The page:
George Casella

Today I learned that my dear friend George Casella has passed away.

George is well known for many things: his influential textbooks, his
research on decision theory, his research on MCMC, his good
statistical sense, his service work, his crystal clear lectures, … I
could go on and on. But there was something else about George that
made him very special. It’s very hard to put into words but, put
simply, he was probably the most positive, optimistic person I have
ever known.

I first met George about 24 years. He was visiting Purdue at the time
and I went there to give a talk. About five minutes after I met him, I
felt like I had known him for years. Shortly after that, he invited me
to a workshop he had organized at Cornell. To this day, those of us
who attended the workshop still refer to it as “Camp Casella.” We
did work. We gave talks. We listened to talks. We drank. We ate. We
had fun and we learned a lot. I remember one morning he knocked on my
door very early in the morning. I was surely hung over. But George
insisted we go for a five mile run. It was a grueling run involving
some of Ithaca’s steep hills. I was destroyed. George barely seemed

I saw George last Fall when I visited the University of Florida. He had
just finished a round of chemotherapy. But that did not stop coming
in to work. And he was, as always, brimming with enthusiasm. When he
told me the many things he was doing (including supervising and large
number of students) I felt like a loafer. In January, he visited us in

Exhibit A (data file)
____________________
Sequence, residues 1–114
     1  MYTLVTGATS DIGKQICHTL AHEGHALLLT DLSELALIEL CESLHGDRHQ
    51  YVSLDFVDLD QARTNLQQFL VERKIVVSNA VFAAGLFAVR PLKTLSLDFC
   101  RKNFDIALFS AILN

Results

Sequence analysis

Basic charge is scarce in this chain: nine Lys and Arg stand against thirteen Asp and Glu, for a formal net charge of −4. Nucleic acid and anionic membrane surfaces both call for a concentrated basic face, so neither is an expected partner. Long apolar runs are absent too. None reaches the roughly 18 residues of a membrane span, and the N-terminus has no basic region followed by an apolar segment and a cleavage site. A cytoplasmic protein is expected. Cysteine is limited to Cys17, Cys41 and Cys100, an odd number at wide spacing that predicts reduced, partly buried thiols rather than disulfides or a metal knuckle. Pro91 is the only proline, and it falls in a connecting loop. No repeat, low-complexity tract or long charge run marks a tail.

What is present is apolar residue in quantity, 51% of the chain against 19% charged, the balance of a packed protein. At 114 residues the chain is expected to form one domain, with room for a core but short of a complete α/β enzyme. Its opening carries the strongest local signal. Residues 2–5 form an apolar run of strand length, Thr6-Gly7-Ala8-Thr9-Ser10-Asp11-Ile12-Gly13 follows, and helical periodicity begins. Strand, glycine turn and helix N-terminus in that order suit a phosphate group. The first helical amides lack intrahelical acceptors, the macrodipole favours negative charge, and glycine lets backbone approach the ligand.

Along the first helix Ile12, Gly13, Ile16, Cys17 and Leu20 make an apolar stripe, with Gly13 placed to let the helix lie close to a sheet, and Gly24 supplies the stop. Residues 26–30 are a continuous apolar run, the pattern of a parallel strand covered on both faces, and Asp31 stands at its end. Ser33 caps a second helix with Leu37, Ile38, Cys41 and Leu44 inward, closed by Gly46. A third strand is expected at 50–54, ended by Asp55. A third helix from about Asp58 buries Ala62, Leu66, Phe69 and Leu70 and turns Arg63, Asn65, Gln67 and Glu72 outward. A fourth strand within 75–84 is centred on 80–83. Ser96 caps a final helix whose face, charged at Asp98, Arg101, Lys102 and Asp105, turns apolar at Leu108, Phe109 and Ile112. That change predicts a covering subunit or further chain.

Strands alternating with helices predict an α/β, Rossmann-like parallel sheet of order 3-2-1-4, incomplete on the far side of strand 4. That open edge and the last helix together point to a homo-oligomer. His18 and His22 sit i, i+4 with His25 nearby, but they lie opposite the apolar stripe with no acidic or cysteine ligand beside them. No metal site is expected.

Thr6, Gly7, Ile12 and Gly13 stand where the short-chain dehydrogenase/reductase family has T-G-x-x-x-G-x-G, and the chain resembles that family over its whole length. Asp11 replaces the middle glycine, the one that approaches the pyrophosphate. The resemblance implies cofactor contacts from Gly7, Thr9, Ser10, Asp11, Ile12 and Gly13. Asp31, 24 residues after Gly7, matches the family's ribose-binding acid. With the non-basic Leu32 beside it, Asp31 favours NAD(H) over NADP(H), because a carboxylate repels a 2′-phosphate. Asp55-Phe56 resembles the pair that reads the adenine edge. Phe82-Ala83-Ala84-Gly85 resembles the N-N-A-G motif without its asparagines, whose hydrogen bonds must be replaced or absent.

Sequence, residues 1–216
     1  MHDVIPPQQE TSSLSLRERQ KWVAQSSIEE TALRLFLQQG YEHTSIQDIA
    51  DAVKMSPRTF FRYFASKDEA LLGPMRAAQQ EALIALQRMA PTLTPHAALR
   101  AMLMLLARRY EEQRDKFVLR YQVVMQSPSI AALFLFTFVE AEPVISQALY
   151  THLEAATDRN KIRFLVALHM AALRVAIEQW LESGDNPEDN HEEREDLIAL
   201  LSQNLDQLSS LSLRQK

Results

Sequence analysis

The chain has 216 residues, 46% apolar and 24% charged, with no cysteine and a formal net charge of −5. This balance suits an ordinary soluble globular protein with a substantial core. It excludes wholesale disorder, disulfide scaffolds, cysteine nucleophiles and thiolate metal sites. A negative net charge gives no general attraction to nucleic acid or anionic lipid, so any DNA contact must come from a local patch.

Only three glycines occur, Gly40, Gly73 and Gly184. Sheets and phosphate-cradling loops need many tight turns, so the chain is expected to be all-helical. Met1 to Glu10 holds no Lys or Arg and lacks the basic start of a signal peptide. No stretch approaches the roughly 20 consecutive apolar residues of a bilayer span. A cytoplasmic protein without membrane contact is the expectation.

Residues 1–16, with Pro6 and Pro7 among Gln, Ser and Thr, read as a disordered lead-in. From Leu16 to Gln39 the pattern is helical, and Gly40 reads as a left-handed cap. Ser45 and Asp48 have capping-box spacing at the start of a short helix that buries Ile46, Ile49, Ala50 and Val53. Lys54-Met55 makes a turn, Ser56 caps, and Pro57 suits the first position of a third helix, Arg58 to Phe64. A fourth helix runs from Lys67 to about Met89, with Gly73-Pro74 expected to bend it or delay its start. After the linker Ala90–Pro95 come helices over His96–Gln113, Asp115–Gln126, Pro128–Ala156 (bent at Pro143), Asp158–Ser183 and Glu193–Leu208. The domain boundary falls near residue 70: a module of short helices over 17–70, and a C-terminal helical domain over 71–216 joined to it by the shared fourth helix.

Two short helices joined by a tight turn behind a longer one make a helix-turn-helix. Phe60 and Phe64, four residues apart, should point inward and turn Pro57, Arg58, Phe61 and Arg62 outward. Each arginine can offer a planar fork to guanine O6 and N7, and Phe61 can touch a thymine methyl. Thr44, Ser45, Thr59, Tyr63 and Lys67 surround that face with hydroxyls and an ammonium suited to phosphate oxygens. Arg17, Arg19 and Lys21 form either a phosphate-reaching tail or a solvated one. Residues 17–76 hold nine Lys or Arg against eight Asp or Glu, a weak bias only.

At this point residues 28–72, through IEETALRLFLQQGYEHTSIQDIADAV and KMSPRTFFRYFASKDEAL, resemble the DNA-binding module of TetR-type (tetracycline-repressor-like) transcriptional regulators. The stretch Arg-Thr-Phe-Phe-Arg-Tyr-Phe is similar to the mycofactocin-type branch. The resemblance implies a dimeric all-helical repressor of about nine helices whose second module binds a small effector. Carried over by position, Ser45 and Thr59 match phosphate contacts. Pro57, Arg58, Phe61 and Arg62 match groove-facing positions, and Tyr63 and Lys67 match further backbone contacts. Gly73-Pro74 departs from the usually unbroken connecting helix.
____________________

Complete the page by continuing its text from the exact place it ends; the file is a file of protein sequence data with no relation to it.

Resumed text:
Pittsburgh (with his wonderful daughter Sarah) and we had a great
time. Talking about statistics while eating, drinking wine, and
drinking scotch. It doesn’t get better than that.

I have known George since 1988. It is hard to imagine the field of
statistics without him. We will miss you my friend.

My deepest sympathies to Anne, Sarah and Benjamin.

(Note: more about George’s inestimable influence at Christian’s blog. )


  1. Posted June 18, 2012 at 3:04 pm | Permalink

    Just a few lines to share my grief for the loss of George Casella, a statistician of incredible value and a dear dear friend. I’ll miss him at every meeting I will go to, I’ll miss him every time we drink scotch with friends or we talk shop with colleagues. He was a wonderful person and it does not seem real that he will not be with us to share a joke or to start something new with his never ending optimistic enthusiasm.

  2. Posted June 18, 2012 at 6:43 pm | Permalink

    I never got a chance to meet George Casella, but he had an effect on a ton of graduate students that never met him. I had a lot of trouble learning MCMC in a class. Out of frustration, I ended up dropping the class and buying George’s book and reading it cover to cover. I learned so much from his writing and went on to pass our qual, part of which was MCMC. I only passed because of how well written his book was and how much it taught me. I’ve always recommended that orange book to others and it has become my Bible of MCMC. I wish I could have met him. He seemed like such an interesting person.

  3. Rob Strawderman
    Posted June 19, 2012 at 11:46 am | Permalink

    Wonderful sentiment – George was an indomitable force in statistics and a terrific person who will be missed on many levels. He had a major influence on my early career development and I will miss him as both as a valued friend and mentor.

  4. Posted June 25, 2012 at 8:31 am | Permalink

    I’m sorry to hear this new. I used his (and Berger) statistical inference book in grad. school (Oregon State University, 2001-2003) and it was a great resource that made a lot of things clear for me.

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  1. […] this quotation from Larry Wasserman’s blog: Talking about statistics while eating, drinking wine, and drinking scotch. It doesn’t get better […]

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